A judge on Monday blocked DirecTV from airing advertisements in which Jessica Simpson and William Shatner say its high-definition television service provides better pictures than Time Warner Cable’s high-definition service.
“It’s broadcast in 1080i,” Simpson says in her DirecTV ad. “I totally don’t know what that means, but I want it.”
DirecTV Group Inc. can still use comparative advertising stating that its overall picture quality is superior to Time Warner Cable Inc.’s because evidence has not established that DirecTV’s all-digital service as a whole is not superior to cable’s mix of digital and analog, the judge said.
U.S. District Judge Laura Taylor Swain said Time Warner Cable was entitled to a preliminary ruling blocking the ads from being shown while a lawsuit proceeds through the Manhattan federal court.
In a statement, DirecTV spokesman Jon Gieselman said the ruling meant that two ads that had completed their runs two months ago cannot be shown in markets where Time Warner exists.
“However, we will continue to aggressively market our better overall picture quality, which is permitted by the court’s opinion,” DirecTV said. “It’s obvious their strategy is to fight with us in the courts since they can’t compete with our superior product in the marketplace. We are confident we will prevail on both fronts.”
The judge rejected Time Warner Cable’s request that DirecTV be required to show corrective advertising, saying such extraordinary relief was not warranted in this case.
But she said Time Warner had shown it was likely to succeed on its claim that the commercials and Internet ads were false when they said DirecTV’s high-definition programming is superior to that of Time Warner Cable.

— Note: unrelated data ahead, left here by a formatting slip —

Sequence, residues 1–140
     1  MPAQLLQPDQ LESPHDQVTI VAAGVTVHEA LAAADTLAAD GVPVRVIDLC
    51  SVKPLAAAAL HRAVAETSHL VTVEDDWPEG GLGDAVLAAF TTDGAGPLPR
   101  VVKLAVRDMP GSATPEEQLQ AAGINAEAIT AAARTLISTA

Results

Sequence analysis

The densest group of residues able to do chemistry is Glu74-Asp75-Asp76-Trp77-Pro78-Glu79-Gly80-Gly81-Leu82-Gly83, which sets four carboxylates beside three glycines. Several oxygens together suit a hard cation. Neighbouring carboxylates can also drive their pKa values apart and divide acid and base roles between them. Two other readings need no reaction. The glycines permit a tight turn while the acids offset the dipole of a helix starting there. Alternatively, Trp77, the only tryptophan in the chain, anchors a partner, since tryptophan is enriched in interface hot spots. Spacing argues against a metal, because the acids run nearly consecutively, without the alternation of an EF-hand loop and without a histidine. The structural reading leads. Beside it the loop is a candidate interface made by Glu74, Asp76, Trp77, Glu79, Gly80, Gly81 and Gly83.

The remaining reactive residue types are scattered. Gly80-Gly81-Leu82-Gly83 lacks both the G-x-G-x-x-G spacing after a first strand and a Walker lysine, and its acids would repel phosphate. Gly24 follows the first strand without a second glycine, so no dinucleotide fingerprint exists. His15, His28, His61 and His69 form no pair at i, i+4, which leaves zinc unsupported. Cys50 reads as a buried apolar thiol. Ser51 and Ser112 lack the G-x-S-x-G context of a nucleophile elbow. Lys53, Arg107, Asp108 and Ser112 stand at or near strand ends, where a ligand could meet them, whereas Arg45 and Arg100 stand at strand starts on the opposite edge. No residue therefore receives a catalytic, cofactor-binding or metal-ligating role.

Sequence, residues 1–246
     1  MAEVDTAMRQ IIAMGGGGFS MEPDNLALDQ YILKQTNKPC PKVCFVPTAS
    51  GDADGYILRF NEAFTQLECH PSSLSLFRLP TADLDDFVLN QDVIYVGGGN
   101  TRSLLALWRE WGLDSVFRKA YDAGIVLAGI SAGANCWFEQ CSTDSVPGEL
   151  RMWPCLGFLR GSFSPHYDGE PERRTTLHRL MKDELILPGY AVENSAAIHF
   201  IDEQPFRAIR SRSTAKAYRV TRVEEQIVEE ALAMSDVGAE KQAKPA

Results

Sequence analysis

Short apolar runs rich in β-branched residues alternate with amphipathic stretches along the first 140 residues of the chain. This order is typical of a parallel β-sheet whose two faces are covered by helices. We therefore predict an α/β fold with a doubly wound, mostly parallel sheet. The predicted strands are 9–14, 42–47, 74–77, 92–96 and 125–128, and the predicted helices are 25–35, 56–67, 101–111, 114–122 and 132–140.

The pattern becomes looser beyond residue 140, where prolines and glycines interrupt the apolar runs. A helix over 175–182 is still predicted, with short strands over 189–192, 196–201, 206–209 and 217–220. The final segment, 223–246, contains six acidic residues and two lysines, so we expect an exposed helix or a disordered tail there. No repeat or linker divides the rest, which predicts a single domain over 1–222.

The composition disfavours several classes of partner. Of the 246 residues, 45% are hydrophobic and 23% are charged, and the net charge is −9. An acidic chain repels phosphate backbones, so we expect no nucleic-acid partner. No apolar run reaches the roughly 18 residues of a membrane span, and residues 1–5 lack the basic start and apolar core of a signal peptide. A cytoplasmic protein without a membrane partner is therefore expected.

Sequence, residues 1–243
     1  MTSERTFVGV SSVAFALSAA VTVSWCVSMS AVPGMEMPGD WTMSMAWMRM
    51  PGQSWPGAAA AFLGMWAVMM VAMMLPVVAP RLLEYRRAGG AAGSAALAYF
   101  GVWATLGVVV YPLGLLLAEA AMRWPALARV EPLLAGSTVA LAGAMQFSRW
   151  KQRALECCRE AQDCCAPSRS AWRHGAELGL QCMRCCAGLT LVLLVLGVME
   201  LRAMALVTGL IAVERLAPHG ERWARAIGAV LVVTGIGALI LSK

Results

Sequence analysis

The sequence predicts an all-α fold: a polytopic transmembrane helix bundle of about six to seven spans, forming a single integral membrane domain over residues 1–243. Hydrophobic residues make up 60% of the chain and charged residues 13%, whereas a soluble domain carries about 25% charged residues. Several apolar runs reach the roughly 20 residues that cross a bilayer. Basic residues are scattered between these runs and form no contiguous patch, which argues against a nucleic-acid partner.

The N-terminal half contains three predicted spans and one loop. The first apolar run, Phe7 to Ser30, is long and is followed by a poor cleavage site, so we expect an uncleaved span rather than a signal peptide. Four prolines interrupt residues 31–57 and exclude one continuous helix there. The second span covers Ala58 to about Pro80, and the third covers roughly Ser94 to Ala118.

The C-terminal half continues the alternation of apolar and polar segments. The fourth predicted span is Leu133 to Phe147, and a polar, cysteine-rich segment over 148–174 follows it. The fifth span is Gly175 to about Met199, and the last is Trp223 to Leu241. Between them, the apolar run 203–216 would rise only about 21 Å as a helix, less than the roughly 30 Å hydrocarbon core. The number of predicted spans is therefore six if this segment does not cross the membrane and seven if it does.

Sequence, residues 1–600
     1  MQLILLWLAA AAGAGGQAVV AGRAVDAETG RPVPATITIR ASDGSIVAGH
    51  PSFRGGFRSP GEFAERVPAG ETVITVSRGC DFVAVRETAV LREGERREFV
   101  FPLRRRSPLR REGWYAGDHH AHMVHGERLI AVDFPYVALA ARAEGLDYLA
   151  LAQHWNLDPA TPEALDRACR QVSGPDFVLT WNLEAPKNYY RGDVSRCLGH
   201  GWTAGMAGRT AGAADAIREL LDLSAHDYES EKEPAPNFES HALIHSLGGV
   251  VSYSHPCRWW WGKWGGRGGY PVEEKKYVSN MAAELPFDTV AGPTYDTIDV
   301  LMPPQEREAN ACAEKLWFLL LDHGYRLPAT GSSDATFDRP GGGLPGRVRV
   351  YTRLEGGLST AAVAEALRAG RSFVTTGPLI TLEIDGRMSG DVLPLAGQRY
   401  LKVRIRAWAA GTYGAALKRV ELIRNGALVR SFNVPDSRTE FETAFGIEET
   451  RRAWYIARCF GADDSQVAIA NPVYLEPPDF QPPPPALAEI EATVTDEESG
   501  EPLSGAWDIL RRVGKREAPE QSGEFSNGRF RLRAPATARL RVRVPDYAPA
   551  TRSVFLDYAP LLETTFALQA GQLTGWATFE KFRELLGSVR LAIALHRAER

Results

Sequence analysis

In the Simpson ad, the singer-actress plays the character Daisy Duke from “The Dukes of Hazzard” movie when she kicks down a restaurant patron who slapped her and tells him: “Hey, 253 straight days at the gym to get this body and you’re not going to watch me on DirecTV HD? You’re just not going to get the best picture out of some fancy big screen TV without DirecTV. It’s broadcast in 1080i. I totally don’t know what that means, but I want it.”
Time Warner Cable filed its lawsuit in December, accusing DirecTV of deceptive trade practices.
The lawsuit claimed DirecTV lied about the accessibility of NFL broadcasts in an attempt to pry customers from Time Warner Cable.
The suit sought unspecified damages and a court order to stop DirecTV from saying in advertising that Time Warner Cable subscribers cannot watch their local NFL teams play games when DirecTV is showing games on the NFL Network.
Among other claims, Time Warner Cable accused DirecTV of using advertising featuring Simpson and Shatner to say its high-definition television service provides a picture quality that is superior to Time Warner Cable’s.
Time Warner Cable said those ads were false because the companies provide the same screen resolution. At best, the lawsuit said, DirecTV’s picture quality is “merely equivalent.”
In the Shatner ad, the actor plays Capt. James T. Kirk from the “Star Trek” television series when he says: “I wish he’d just relax and enjoy the amazing picture clarity of the DirecTV HD we just hooked up. With what Starfleet just ponied up for this big screen TV, settling for cable would be illogical.”